enthusiasm that comes with underwater photography is addictive.
I am always enthusiastic about what I do, and I think that's the key
to success. The fish feel it too - I hope.
What is your worst diving experience?
The only times I've been in danger have been because of other people.
Several times I've found myself helping divers without even knowing
their names. For example, once while diving on my own, I saw two
divers drifting on the surface. It looked as though they were both
panicking, so I went up to the surface to help. They had been pushed
far from their boat by a strong surface current, and by the time I
had calmed them down none of us could see my boat either. The
adventure ended up with us all drifting at the surface for a total
of eight hours. After the first six, I was asking myself why I had
put myself in that position to help the guys!
Where have you dived?
I've been to all the obvious places, but there are still a few gaps
on my list. I don't know much about the Pacific, from New Caledonia
down to New Zealand, but I'll go there one day.
Who is your regular buddy?
If you look back at most of my photographs over the years, the model
has usually been my girlfriend at the time. For the past 14 years,
my buddy has been my wife, Isabelle. She's a doctor, which is very
useful for when we go on long expeditions. I like the idea of diving
voyages being family trips. When my son, William, was born ten years
ago, we always took him with us. So by the time he started school,
he had spent more time walking on sand than on carpet.
Why do you dive?
It's an obsessive love. When I first went to the Red Sea, I funded
the trip by doing welding work, then I hitchhiked to Eilat. I don't
come from a very wealthy background, so I had to work hard to make
my dreams come true. I dive mostly to take photographs, but I'd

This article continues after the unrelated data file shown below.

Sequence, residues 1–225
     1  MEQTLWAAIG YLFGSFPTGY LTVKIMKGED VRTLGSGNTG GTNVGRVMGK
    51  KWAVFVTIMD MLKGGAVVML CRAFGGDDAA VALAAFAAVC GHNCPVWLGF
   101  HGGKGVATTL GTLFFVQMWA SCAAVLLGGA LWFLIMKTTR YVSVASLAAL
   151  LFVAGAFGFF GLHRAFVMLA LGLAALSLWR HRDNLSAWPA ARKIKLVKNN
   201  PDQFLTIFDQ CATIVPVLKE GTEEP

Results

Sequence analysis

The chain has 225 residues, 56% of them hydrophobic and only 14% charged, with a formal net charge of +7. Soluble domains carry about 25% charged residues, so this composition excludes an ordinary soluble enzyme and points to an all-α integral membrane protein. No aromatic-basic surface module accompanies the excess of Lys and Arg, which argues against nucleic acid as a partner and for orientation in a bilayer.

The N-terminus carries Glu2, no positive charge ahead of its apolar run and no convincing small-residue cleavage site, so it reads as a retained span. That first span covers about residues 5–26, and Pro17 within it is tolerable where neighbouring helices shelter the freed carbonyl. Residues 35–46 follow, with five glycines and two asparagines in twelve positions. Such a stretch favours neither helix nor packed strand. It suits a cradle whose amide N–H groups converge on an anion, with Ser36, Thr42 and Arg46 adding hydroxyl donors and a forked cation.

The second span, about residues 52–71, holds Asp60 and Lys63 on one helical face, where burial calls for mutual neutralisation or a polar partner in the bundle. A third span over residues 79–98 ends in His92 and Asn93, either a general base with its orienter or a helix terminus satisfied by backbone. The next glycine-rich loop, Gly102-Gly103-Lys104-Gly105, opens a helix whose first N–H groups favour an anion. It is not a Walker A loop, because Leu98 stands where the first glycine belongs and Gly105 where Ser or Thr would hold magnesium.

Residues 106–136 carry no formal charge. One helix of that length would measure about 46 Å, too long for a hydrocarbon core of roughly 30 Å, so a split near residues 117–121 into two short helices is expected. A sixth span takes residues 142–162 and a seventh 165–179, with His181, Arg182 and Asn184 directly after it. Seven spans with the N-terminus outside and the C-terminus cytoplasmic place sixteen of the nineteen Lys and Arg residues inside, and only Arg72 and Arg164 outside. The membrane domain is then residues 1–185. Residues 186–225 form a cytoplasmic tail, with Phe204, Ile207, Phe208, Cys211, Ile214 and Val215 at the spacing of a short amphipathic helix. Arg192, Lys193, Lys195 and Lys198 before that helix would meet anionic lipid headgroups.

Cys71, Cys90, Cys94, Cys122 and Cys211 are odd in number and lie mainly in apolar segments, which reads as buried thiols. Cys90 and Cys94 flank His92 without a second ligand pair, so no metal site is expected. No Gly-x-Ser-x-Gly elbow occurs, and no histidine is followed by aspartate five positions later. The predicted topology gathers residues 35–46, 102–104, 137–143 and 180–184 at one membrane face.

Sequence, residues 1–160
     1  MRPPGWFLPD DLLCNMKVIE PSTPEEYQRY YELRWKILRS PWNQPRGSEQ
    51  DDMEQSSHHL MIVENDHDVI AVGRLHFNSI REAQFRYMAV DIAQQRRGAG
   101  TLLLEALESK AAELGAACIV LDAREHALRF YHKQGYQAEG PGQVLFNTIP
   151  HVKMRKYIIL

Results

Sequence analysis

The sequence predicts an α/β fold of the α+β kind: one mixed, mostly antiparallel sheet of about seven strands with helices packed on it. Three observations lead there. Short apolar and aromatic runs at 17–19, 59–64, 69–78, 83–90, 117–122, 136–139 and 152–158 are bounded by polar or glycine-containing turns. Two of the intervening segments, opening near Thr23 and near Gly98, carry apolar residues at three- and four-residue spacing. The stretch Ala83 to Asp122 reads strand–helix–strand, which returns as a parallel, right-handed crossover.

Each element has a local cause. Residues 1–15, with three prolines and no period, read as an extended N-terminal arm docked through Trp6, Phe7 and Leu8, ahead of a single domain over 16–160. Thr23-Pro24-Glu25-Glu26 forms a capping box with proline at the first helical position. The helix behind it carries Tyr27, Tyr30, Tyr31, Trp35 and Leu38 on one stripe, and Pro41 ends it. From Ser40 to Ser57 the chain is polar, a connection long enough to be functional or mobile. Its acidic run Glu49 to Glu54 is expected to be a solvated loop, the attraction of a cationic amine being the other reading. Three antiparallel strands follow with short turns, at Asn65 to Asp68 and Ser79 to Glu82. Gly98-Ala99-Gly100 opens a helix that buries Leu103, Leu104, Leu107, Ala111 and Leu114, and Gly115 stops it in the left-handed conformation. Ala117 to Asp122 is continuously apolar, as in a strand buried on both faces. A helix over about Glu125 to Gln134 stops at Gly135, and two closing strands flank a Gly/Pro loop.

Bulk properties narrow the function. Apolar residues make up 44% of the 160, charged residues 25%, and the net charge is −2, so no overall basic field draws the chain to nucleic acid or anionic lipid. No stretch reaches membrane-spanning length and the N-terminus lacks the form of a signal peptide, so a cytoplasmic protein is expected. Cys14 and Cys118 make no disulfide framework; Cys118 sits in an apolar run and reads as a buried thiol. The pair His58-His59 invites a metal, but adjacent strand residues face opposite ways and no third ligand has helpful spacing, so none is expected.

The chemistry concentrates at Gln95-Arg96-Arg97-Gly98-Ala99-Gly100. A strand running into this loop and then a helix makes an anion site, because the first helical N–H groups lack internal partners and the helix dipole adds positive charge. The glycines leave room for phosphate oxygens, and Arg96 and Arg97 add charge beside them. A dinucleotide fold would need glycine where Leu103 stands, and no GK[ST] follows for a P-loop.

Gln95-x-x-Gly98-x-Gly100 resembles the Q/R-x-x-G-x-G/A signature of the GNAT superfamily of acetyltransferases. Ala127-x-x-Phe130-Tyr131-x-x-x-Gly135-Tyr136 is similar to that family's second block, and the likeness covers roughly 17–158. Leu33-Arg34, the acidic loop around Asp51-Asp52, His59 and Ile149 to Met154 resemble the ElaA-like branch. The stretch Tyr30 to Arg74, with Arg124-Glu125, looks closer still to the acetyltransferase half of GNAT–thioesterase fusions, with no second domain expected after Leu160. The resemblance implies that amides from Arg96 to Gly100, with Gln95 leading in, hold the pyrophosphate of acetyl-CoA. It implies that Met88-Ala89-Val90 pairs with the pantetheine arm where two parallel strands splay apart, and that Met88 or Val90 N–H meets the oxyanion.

still go diving if someone took my camera away from me.
Where do you want to dive next?
I've got an advertising job for Daimler-Benz which will take me back
to Lake Zurich. It's always nice to go back to my diving roots!
What equipment do you own?
For a long time I used mid-format Rolleiflex and Hasselblad cameras
in housings. Then in 1978 I changed to Nikon 35mm cameras. I started
with an F2, and up to the F5 in Subal housings that I helped to
develop in collaboration with the people at Subal. I also did use
Nikonos RS and V cameras. Sincw 2003 I'd change 100 percent to
Digital !! Using D1-X, D-100 and now the D-200 ! All in
SECAM Housings . I don't like to use too much light, just enough to highlight the
important parts of the picture. I prever the small Nikon105, and Sea & Sea
YS-90 /YS-120 strobes and of course the new small SEACAM 's
Which five songs would you put on a liveaboard compilation tape?
The best music for diving has to be Yellow Submarine by the Beatles.
It's got a good rhythm, which is really nice to fin along to if you
play it in your head. If you try finning along to the The Big Blue
soundtrack, you end up going around in circles!
Have you a dive tip that has helped you?
My advice for underwater photographers or film-makers who want to
succeed in this industry is to be aware that it's a very small world,
and your reputation is of paramount importance. I get quite a lot of
advertising work, and have worked for big magazines and agencies for
decades - I like to think that this is because of the way I have
conducted myself over the years. Too many photographers go up like
rockets in terms of fame, then they start behaving like idiots and
dig their own graves. I had the best possible start, because I
trained as a professional topside photographer and had excellent
teachers who give me a solid grounding in how a responsible
Which figure, living or dead, would you like to take diving, and
Hans Hass is my diving hero and also a great friend. Often, your
hero can turn out to be disappointment when you meet them. But I
worked with Hans on his last film, and I was relieved to discover
that he is a great person as well as a great diver. If I had to
choose someone who hadn't been diving, I'd go for a politician who
has to decide on laws that will affect the oil or plastic rubbish
that is dumped in the ocean. I'd take them on a 24-hour drift dive
in the Gulf Stream, at a place where three currents converge and
there's piles of junk floating around. Then they would have a better
insight into the enormity of the problem.